Simon,
I have bought a number of Crockett and Jones Belts of late – they are beautiful and elegant. I I believe their belts (like their driving shoes are made in Italy). Carmina belts are nice but not at the same level of finish. Have you any experience with Edward Green belts? Are they worth the extra over Crockett’s?

Prince Florizel of Bohemia

What’s your take on selection of belts Anderson and Sheppard Haberdashery offers?

Frank Shaud

Anderson’s have incredible variety in terms of materials, colours, buckles, styles and also widths (from 2.5cm). You should check them out!

Colin

Anderson’s definitely made one. I think Trunk may have had them for a while Simon and Stuartslondon stock a good range, although don’t have that type in currently

Charles

Thanks Simon. This one is a bit lost on me and I think it’s beyond the limit of what I’d pay for as I can’t see the “extra” it gives me. It seems to be for people who are looking or something to have made for them, than for it to be genuinely better. That may well just be me though!
I’d recommend Pickett for belts. Lovely uncoated brass.

Robin

On the subject of belts I noticed that some retailers sell them in centimetre measurements and, having not brought a belt for many years, was puzzled as to how much ‘extra’ one needs on a belt ?
So for a 38 inch waist how many ‘additional holes’ or length of belt is required ?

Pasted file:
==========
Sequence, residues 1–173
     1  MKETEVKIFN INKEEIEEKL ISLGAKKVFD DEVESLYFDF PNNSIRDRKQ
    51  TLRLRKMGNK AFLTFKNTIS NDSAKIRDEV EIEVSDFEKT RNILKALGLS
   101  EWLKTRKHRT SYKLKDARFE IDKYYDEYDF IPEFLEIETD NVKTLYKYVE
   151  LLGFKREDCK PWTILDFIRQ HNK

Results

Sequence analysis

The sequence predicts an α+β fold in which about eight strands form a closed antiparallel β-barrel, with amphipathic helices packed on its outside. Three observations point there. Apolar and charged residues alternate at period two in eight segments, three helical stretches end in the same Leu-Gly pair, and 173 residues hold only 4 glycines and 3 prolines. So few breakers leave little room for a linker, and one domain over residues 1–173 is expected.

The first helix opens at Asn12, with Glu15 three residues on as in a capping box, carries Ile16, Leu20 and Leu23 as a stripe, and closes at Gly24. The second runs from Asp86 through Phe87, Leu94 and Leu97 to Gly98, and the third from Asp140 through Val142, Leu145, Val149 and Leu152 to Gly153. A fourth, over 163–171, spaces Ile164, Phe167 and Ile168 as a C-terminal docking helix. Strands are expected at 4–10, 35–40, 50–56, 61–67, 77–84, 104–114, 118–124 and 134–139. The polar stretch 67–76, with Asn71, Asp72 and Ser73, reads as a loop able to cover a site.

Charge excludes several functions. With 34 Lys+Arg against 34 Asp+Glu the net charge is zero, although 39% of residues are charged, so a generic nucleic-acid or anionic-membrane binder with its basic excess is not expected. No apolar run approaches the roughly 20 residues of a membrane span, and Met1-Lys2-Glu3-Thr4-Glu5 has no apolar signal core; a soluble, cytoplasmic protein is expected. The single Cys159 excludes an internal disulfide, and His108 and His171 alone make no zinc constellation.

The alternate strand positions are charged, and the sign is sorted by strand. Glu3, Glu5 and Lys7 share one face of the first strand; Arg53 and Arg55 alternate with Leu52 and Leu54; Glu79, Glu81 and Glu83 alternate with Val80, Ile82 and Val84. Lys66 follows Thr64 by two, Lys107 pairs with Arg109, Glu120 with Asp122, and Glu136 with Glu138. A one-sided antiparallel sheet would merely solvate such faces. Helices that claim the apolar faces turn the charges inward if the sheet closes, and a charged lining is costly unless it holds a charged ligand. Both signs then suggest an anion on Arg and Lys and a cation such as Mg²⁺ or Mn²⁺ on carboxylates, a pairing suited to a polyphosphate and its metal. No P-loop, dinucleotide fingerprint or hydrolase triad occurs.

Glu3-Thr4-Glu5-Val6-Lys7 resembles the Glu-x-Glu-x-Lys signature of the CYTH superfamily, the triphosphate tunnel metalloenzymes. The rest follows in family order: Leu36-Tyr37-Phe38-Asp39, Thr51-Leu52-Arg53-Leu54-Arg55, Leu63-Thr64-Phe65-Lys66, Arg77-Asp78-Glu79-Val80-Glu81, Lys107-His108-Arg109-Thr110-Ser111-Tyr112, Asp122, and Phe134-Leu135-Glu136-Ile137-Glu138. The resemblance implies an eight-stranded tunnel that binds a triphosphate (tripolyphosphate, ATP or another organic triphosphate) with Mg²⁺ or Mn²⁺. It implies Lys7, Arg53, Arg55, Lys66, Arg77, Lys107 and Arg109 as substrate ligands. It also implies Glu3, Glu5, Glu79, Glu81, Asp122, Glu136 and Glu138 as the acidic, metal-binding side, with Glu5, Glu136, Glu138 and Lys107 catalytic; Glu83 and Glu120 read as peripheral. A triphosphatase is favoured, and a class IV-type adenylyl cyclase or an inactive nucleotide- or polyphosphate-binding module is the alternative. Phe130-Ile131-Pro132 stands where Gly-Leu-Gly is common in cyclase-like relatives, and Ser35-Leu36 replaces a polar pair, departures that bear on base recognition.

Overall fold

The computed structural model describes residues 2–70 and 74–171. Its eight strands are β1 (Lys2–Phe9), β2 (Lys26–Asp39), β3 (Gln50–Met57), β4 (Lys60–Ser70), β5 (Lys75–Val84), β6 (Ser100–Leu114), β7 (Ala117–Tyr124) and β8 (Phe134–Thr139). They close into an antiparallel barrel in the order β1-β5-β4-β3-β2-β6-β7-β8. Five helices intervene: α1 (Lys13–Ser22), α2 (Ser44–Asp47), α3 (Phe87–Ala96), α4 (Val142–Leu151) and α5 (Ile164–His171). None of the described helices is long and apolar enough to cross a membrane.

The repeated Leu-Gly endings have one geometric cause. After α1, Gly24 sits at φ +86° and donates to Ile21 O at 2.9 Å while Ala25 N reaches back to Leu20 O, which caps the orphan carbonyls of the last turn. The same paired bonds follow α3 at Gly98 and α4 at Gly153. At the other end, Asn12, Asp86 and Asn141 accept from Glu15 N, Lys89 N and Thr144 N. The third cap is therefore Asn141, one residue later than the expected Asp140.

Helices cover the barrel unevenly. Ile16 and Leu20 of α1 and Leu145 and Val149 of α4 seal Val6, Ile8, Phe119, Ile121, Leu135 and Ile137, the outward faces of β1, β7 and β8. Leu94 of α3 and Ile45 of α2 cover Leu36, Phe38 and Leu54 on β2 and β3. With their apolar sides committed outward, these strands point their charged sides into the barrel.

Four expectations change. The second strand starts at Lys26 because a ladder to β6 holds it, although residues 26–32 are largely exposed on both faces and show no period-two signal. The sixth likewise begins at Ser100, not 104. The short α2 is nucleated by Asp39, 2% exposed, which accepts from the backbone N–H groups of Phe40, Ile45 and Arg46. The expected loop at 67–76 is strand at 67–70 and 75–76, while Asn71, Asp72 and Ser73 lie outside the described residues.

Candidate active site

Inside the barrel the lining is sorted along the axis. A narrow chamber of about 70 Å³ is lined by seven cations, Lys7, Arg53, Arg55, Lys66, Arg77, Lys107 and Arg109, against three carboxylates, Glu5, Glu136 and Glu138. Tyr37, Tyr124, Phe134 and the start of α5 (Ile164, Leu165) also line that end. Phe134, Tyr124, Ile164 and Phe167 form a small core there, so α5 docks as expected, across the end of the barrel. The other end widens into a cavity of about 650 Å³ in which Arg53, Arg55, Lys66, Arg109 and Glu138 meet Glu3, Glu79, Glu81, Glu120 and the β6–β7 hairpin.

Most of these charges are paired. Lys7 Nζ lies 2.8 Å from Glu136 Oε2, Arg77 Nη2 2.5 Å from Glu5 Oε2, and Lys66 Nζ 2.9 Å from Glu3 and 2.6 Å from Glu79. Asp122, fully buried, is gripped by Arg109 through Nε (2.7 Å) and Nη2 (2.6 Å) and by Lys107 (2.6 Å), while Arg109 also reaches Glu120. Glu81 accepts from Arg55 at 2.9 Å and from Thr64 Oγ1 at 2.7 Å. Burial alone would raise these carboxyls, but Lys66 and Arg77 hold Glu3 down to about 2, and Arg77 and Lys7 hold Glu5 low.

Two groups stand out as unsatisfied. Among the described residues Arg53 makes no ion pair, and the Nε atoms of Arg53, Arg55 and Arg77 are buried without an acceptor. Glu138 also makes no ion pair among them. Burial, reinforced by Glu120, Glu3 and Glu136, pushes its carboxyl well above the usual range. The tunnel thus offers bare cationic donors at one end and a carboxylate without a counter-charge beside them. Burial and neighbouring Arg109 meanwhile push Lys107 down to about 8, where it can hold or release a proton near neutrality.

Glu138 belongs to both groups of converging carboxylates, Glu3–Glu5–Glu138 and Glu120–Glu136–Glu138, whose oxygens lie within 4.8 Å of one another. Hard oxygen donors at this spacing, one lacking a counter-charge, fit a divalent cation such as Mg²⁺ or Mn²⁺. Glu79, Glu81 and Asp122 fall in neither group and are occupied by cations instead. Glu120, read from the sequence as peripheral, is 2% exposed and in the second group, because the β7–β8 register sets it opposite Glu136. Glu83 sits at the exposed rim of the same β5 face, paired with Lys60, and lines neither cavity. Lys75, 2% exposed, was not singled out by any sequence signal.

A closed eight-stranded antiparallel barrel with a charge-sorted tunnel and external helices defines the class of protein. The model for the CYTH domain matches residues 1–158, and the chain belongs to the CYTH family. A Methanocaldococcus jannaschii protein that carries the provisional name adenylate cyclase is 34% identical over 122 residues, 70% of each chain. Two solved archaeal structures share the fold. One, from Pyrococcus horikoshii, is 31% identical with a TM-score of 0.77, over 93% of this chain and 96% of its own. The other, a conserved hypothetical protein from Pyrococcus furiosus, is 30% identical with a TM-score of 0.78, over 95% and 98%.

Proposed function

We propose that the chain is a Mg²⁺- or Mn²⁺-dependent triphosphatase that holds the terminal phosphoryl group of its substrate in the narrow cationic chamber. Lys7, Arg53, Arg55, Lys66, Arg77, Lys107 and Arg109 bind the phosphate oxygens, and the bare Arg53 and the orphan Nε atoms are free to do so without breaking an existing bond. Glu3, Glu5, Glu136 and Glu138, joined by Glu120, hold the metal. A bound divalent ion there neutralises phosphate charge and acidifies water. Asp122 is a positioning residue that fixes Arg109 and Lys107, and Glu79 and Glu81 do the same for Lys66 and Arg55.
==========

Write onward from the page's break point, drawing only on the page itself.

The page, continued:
Not enough length from the used hole often looks childishly wrong and too much is untidy.
Any sartorial rules that could help here, Simon ?

Rob

Also note the type of belt is relevant as well. A suede, braided belt will “flop”. A leather belt won’t. The issue isn’t the last hole but the last belt loop.

Joel

Sergey made me two belts so far and both are top notch work. One is a braided brown bridal leather and the other is a two ring canvas belt. His buckle selection and stitching quality is just great. A pleasure to work with as well as you stated Simon. I highly recommend his work.

Joel

I will add in to my previous comment that his canvas belts are also uniquely well made for the type. A real gem in the rough and a totally underrated style. The double rings really stay tight and help cinch up the waist.

Andrew

Hi Simon, to me the belt is like the herbs or spices of a great dish, and if its not right the meal can be ruined. The right belt is crucial to finish off an outfit. Anderson’s belts hand made in Parma are exceptional and offer everything your heart desires. I’m sure Riccardo would be more than happy to show you how a beautiful belt is made.

Kristian